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a.m. friday morning in hong kong. we have seen trade optimism waning during the asian session. mixed messages when it comes to trade. laying out were concessions with the trump administration. wilbur ross said this will likely be a framework to be worked out.
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u.s. is still planning to hike tariffs to 25%. david: just paring back the expectations of one we do get a trade. let's get to the open. things are getting underway. quite a few moving parts. china's shanghai composite is flat. $26.69. helpingok at the movers to drive what is going on. we have also been talking about politics. this company may not be able to repay some of the loans it has taken out. china's shipbuilding, moving to the upside, some changes there.
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education out to the stocks. 4% here. i don't know why a glasswork company is there when we are talking about education companies. we have the prospect of diva regulating kindergartners -- the inegulation of kindergartens china that is responsible for these numbers. to thisck it out interest rate decision coming out of the philippines. the banks are lifting weights up to four and three quarters of 1%. it looks like the roof is falling down on us. there is a composite up by 9/10 of 1% and the peso is trading at 67 against the dollar.
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david: markets are steady. out is how badly these education related stocks are getting hit, especially in hong kong. there are new rules. company, youlisted will be prohibited from investing in for-profit kindergartens. we will try to understand what this means. yvonne: it seems as if china is trying to build more public kindergartens. they want these public preschools to educate have to students by 2020. these are the targets that were laid out in these guidelines
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that was published. want this universal preschool education in the country by 2035. there are measures to get to that point. china is really getting hit by this news. at the private equity and venture capital forum this week. educatione and also was a very hot topic. this is the perception of them being no-lose bets. perception and regulation in this tangible case weighs on investments. yvonne: everyone keeps talking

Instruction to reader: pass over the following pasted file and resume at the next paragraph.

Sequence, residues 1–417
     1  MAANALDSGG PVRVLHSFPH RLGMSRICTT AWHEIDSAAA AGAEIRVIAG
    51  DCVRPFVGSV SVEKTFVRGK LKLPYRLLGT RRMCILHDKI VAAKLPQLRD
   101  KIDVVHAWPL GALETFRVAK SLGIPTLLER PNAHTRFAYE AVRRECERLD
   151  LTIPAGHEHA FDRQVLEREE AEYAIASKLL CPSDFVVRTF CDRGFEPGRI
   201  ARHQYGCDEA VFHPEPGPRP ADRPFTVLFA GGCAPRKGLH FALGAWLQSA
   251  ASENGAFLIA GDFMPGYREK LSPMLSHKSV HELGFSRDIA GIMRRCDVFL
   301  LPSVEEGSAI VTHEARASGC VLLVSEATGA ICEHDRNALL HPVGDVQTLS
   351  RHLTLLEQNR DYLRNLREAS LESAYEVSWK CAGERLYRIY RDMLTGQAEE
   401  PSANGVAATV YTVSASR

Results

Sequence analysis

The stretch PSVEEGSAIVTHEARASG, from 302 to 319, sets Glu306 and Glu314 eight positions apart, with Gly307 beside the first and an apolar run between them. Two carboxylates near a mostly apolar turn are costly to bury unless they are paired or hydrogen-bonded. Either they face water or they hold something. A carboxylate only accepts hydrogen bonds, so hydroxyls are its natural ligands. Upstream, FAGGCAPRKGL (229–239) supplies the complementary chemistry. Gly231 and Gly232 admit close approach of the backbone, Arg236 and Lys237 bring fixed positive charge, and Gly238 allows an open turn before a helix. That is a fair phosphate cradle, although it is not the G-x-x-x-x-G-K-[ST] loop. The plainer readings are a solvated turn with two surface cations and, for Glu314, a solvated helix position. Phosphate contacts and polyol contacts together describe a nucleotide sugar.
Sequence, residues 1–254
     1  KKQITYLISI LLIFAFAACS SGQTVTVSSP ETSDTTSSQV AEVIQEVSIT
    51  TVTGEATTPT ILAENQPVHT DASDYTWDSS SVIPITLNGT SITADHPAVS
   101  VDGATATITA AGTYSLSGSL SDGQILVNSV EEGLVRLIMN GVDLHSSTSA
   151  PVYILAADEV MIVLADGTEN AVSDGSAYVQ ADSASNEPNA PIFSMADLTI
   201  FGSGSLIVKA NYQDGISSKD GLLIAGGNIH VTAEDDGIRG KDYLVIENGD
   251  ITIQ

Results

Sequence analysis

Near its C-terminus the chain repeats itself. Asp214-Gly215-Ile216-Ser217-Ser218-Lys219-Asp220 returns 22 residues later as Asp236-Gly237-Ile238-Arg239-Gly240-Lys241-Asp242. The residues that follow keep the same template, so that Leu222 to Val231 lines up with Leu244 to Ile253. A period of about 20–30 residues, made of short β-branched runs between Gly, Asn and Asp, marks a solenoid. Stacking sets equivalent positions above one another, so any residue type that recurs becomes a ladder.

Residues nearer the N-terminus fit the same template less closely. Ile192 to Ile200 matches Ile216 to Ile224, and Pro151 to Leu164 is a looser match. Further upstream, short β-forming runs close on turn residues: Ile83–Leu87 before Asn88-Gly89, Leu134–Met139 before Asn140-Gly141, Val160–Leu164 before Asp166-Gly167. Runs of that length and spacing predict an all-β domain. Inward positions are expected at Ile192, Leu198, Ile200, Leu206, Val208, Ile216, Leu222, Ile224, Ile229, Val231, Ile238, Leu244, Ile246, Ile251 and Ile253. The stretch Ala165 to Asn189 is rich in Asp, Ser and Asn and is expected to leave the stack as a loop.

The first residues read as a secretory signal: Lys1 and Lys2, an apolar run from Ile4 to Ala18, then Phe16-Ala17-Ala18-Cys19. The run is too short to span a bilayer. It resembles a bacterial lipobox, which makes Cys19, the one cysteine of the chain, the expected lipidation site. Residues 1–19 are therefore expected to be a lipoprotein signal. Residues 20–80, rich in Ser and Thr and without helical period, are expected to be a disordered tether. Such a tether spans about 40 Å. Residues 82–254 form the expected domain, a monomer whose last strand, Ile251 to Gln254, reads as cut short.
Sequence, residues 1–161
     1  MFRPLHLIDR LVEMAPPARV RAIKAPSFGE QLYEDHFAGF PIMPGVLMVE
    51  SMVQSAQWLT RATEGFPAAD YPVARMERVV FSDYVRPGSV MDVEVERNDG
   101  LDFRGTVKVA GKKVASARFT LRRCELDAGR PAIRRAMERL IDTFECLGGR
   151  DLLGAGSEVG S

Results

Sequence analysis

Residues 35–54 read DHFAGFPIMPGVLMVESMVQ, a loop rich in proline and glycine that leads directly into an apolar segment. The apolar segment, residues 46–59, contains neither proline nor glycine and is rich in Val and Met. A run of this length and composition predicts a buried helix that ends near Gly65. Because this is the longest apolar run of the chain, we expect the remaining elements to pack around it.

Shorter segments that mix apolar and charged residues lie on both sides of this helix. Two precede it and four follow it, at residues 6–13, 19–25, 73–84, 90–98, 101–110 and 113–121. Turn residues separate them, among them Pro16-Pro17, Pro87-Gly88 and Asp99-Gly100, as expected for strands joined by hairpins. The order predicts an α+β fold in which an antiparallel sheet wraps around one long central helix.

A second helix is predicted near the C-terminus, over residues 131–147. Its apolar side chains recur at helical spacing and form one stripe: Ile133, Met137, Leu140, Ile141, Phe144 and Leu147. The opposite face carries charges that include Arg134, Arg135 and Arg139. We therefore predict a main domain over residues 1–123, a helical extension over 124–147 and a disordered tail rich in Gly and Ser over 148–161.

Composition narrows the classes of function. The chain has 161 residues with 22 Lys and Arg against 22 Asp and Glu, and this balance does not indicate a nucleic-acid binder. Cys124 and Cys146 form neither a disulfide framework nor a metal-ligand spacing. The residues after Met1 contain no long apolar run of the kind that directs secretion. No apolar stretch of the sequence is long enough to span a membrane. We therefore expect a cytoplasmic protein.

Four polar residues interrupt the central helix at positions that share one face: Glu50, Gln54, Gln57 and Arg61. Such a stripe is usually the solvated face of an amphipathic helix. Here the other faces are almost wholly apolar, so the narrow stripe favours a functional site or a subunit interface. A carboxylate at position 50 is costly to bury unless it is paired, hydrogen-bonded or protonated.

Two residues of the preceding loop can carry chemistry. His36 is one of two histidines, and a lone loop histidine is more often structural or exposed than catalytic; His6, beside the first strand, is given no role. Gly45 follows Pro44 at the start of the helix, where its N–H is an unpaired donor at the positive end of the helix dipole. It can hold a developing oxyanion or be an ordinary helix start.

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about how the consumer sector is such the big thing to look at for next year. china is the place to go to get shelter in these volatile markets, and you still see the risk. let's get you to the first word news. softbank is adding to concerns that american demand is pointing in the trade war. has issued three to five floating rates to do with its new york branch. offering from china last month also saw diminished american demand as trade tensions escalated. there is worded theresa may's brexit plan will be rejected by the british public. this is after the draft deal was announced. suggests, half
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of u.k. voters want a second referendum. bank says a hard brexit is looking very tangible. i am going to do my job of getting the best deal that is in the national interest. need to look at a deal and consider our duty to deliver on that vote. &e soared in late trading in a week after they saw losses of more than 60%. bank of america said fears about the company's link to wildfires is over donna. cut to looking at whether
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it's equipment ignited one of the places. an annual launch record has matched with time to spare. flacon -- falcon 9 rockets are said to be carrying satellites that will improve broadband conductivity -- connectivity across the world. space x's run of 18 successful has liftedis year its valuation to 28 billion u.s. dollars. the agenda is now being discussed for the meeting between president trump and president xi at g20. wilbur ross says achieving a trade deal by january is impossible. david: there are essentially plans to raise tariffs on chinese imports at the beginning of next year.
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let's have a look at the implications on all of this. our asian government managing editor is with us in sydney. what kind of expectations are the likes of wilbur ross pointing to? they are certainly lowering expectations if anyone thinks we are going to have this kind of deal. the best thing to do is have a framework that comes up with trade talks. they are questioning whether trade would come up in the meetings. that is positive. there is a one way to go. we mentioned earlier this week about china, laying outcomes -- some concessions. we from what are china wants and what the u.s. wants? >> very far apart.